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How to Find a Reputable Boston Terrier Breeder

  • April 9, 2018
  • By MaggieLovesOrbit
How to Find a  Reputable Boston Terrier Breeder

Know what a Boston Terrier Puppy should look like and why you should find a reputable breeder

If you’re looking for a Boston Terrier puppy, educating yourself with what they look like and how to find a reputable breeder should be a priority.  I learned this lesson late and so I want to save you some heartache and time.

First thing is you have to know what the standard looks like.  Not knowing what the breed standard is means you could easily be duped into buying what you think is a Boston Terrier puppy.

ANY breeder can register the puppy and tell you they are purebred and that they are AKC registered.  This is just paperwork and words.

It’s not enough to be simply purebred, or mix bred. They must be PURPOSEFULLY bred.
Acquire your family member from a responsible AKC Breeder. Health tested families. They’re purposefully preserving the specific integrity of the breed of your CHOICE.

A purposeful breeders respects the standards of over hundred year plus tradition of excellence.

6 photos side by side showing what a purebred boston looks like vs. wellbred

I didn’t know the difference with my first Boston Terrier Puppy

My first Boston Terrier came from a puppy mill.  There I said it.  And no I didn’t know it at the time when I purchased her.

I found her online … went to go see her.  A few red flags, parents were not on site.  She really wasn’t very conversational.  Not much being shared about the health or temperament other than making sure I was really clear on the price.

But I was done at the smell of her puppy breath.  I paid my deposit and picked her up a week later.  She was 8 weeks.

I would encounter others in our neighborhood who picked up puppies from the same breeder.  A few puppies had developed major illnesses.  One even passed.  Sounded so odd to hear these stories about the breeder.  Our Zoey had a few health issues.  Her heart was too big.  And she had symptoms of hip problems.  Sadly we lost her too early (neighbor’s dog attacked her).  And I won’t go into it more than that.

So then we had an empty home.  Nothing worse than not having a puppy around.  It was quiet.  I remember we would leave all the time – we didn’t want to be in a home that didn’t have Zoey.

I was determined to find a new Boston Terrier.

How to Find a  Reputable Boston Terrier Breeder

Looking for a Reputable Boston Terrier Breeder Takes Time

I had to learn patience.  Being that my first puppy was found online and fairly immediately available … this was now a waiting game.  Puppies don’t grow on trees you know.

Unlike larger breeds that have ten to twelve puppies at a time; the boston terrier breed has small litters.  Some one.  Some four.  Some more.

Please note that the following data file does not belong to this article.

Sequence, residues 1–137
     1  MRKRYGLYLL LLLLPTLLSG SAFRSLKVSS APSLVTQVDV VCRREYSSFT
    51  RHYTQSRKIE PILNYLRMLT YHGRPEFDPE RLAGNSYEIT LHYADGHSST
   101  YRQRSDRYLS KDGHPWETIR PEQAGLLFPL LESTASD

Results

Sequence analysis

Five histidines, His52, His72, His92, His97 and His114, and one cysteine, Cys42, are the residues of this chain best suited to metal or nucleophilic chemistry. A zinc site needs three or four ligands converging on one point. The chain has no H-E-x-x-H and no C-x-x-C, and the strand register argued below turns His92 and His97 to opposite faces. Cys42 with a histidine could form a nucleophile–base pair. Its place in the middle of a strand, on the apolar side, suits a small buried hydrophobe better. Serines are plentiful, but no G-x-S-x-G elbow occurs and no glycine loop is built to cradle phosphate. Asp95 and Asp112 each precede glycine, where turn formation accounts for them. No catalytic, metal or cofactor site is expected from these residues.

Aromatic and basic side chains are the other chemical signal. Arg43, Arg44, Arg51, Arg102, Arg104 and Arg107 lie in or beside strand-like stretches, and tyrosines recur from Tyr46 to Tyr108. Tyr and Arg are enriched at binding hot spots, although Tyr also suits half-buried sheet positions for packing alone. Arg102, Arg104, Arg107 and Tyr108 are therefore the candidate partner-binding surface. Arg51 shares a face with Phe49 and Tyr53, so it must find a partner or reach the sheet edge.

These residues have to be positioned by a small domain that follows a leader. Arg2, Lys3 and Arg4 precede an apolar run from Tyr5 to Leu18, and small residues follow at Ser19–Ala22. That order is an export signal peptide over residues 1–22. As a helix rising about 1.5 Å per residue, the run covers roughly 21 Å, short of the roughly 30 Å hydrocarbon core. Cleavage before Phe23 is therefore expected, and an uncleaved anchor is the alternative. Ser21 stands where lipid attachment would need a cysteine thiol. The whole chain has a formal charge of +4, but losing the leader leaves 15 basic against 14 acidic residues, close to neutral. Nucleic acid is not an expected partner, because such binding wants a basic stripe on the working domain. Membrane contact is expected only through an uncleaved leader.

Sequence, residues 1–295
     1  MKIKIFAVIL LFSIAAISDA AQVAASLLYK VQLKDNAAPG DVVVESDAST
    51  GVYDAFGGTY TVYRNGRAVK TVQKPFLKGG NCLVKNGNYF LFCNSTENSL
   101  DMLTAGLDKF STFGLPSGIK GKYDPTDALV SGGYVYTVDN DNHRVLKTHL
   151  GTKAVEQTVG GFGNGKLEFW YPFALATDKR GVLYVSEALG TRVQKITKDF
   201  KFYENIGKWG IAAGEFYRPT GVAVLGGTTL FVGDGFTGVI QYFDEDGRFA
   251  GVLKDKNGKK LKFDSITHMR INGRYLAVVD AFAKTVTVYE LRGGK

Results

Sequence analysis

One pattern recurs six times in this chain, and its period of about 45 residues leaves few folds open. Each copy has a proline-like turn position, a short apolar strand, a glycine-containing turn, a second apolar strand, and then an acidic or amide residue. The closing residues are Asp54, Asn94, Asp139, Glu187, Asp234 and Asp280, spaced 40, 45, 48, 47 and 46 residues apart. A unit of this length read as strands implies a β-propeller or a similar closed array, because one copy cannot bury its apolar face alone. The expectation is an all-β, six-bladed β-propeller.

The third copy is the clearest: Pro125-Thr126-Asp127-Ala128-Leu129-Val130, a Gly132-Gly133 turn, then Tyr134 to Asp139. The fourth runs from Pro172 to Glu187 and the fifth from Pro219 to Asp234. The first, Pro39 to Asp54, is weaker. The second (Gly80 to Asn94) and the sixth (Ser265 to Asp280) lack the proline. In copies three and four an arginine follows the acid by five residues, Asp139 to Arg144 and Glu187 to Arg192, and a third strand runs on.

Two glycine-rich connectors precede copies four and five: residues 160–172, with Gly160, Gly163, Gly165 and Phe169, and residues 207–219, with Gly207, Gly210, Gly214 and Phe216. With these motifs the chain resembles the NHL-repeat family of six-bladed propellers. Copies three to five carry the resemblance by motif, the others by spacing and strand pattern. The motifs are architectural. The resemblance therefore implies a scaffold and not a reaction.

Go meet breeders where they are – at dog shows

We started going to dog shows to see if we could meet some breeders.  I basically threw myself in front of the people showing asking for a puppy.

There wasn’t much of a response.

Basically it was like trying to get to home base on the first date.  It doesn’t happen like that.

two boston terriers playing in bed
two boston terriers playing in bed


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A reputable breeder has a commitment to improving the breed

I really wanted to get a dog from someone who showed dogs.  Not that because I myself was going to show … but I understood that show breeders had a commitment to the line and health of the dog which was above the care a casual breeder might.

A dedicated breeder can tell you about the puppy’s pedigree and would have a record of the puppy’s parents, grandparents and further back (depending on how long they have been breeding).

Keep in mind “AKC Registration” doesn’t mean that the puppy you’re interested in is a fully fledged Boston Terrier.  It just means it was registered with AKC.

A welcome back program

Full disclosure and a welcome back program was also the norm for a reputable breeder.  They would let you know all the health issues and be the first to want to take the puppy back home should you not be able to care for it.

A reputable breeder is just as interested in you as you are in them and the puppy

And I also learned … show or reputable breeders are just as interested in you as you are in the puppy.  They want to know your profession (can you afford the care of the dog for it’s lifetime); and your schedule and activities …. because they view these puppies as extended family.  So they want to make sure they are going to good hands.


Join your local Boston Terrier Club

So after a few months of chasing the idea of puppies, I joined the local Boston Terrier Club.  And through the club connections, I was able to get referrals to Maggie and then Orbit.

I’m very happy with my two.  And even more, I’ve gained new friends.   The breeders have become the girl’s “grandpuppy parents”.  We communicate and stay in touch.

Because this method has worked for me – it’s what I recommend to those that ask me.  But I know it doesn’t always work like that for everyone so here’s a few more notes:

  • Start off by looking up the National Boston Terrier Club website.
  • Look for the local breeders in your area and call them.